Proposals for a universal basic income are in vogue.
They leave me with a troubling question: Who's going to go to work every day to earn all that money required to pay basic incomes to all citizens, including incomes for those who prefer to opt out of work altogether?
So I was glad to see Aaron M. Renn's review of the book that most prominently lays out the arguments for a guaranteed universal income, Basic Income: A Radical Proposal for a Free Society and a Sane Economy. by Philippe Van Parijs and Yannick Vanderborght.
First, what is a universal basic income?
A basic income—an annual, unconditional cash grant to every adult, regardless of need, and without a work requirement to obtain it—would be non-taxable and total about 25 percent of GDP.
The amount of the grant could vary depending on the age of the recipient, but it would start at birth. It would supplement existing safety-net programs and replace only those whose benefits are less than the basic income amount; thus, the grant would establish a floor, but not a ceiling, on government income transfers. (Publicly financed health care would remain outside the system, for example.)
The overarching goal of the basic-income proposal is to ease economic distress stemming from the structural disappearance of work and declining real incomes for lower-skilled workers.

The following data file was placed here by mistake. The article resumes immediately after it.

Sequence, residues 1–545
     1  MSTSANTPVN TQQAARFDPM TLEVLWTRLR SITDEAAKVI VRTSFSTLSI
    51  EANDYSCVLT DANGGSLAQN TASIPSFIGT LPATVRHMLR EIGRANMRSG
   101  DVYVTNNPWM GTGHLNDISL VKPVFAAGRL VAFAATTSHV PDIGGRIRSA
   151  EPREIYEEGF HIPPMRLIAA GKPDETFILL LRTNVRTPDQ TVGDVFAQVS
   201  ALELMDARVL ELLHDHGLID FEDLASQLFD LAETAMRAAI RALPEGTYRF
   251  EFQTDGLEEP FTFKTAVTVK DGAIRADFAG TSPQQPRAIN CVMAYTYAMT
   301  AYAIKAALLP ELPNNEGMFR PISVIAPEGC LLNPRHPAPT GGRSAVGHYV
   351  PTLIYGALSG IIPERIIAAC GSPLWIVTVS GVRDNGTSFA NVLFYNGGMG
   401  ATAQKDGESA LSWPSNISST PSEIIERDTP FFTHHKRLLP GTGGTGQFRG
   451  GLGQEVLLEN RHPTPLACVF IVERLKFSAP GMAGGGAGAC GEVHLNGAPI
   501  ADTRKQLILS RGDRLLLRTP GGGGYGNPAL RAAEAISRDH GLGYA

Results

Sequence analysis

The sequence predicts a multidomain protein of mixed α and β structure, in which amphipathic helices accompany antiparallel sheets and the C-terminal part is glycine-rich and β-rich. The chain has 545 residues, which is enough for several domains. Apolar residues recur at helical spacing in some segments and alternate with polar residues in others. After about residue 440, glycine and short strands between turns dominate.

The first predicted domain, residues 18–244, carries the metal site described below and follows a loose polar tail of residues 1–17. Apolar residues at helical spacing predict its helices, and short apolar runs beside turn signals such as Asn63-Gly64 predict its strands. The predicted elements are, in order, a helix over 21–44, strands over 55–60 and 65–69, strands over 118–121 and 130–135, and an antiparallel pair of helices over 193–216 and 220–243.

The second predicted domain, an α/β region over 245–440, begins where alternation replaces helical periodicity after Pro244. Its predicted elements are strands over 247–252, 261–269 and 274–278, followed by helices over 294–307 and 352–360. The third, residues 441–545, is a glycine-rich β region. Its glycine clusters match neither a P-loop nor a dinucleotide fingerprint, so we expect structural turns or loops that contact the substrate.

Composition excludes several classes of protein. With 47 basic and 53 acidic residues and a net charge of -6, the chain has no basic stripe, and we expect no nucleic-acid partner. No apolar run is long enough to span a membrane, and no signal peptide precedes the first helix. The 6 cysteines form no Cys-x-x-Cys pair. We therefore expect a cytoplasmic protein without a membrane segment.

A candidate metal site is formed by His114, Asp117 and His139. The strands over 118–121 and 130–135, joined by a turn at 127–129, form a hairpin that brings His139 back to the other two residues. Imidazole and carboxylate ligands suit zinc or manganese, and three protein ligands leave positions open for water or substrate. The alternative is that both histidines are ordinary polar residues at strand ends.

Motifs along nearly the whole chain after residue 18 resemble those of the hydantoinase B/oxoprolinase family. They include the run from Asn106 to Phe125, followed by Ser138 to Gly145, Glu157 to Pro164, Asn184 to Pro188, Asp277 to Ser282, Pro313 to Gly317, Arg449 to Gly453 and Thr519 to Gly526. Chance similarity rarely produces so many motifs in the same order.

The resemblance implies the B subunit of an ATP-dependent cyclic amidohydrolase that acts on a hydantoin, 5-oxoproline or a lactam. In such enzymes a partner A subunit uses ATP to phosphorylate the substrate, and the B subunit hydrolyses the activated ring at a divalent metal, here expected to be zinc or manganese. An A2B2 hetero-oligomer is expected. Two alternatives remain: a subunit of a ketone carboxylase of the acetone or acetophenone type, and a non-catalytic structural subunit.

What's not to like? Plenty. The headline of Renn's review is "Post-Work Won't Work." And that is the problem with the basic income: it denigrates work. Because of this, the basic income is both morally and economically destructive.
Our elites, who are ambitious and have jobs that define them, seem to think that the jobs of those they regard as their social inferiors have no such moral value. But they are wrong. Work endows life with meaning and in many cases with upward mobility, even these jobs are not of the sort that our elites would regard as prestigious or meaningful.
Some humility from the authors would have been welcome about the risks of the radical restructuring that basic income would entail; Van Parijs and Vanderborght see only upside. To illustrate the downside potential, consider the poor results from annual per-capita payments of casino revenues to American Indian tribes (not discussed in the book). Some tribes enjoy a very high “basic income”—sometimes as high as $100,000 per year— in the form of these payments. But as the Economist reports, “as payment grows more Native Americans have stopped working and fallen into a drug and alcohol abuse lifestyle that has carried them back into poverty.” The magazine contrasts this fate with that of more successful tribes like Washington State’s Jamestown S’Klallam, which eliminated poverty by investing in tribal-owned small businesses instead of handing out cash grants.
Another major problem with the basic-income thesis is that its intrinsic vision of society is morally problematic, even perverse: individuals are entitled to a share of social prosperity but have no obligation to contribute anything to it. In the authors’ vision, it is perfectly acceptable for able-bodied young men to collect a perpetual income while living in mom’s basement or a small apartment and doing nothing but play video games and watch Internet porn.
The authors of Basic Income applaud the idea because of its supposed freedom in imposing no obligation to work, which, ironically, is the basic flaw.
Renn doesn't answer my question about how we get the money to pay for basic income, but, if you see that the basic income, however well-intended, is a morally bankrupt idea, then maybe that is a secondary consideration.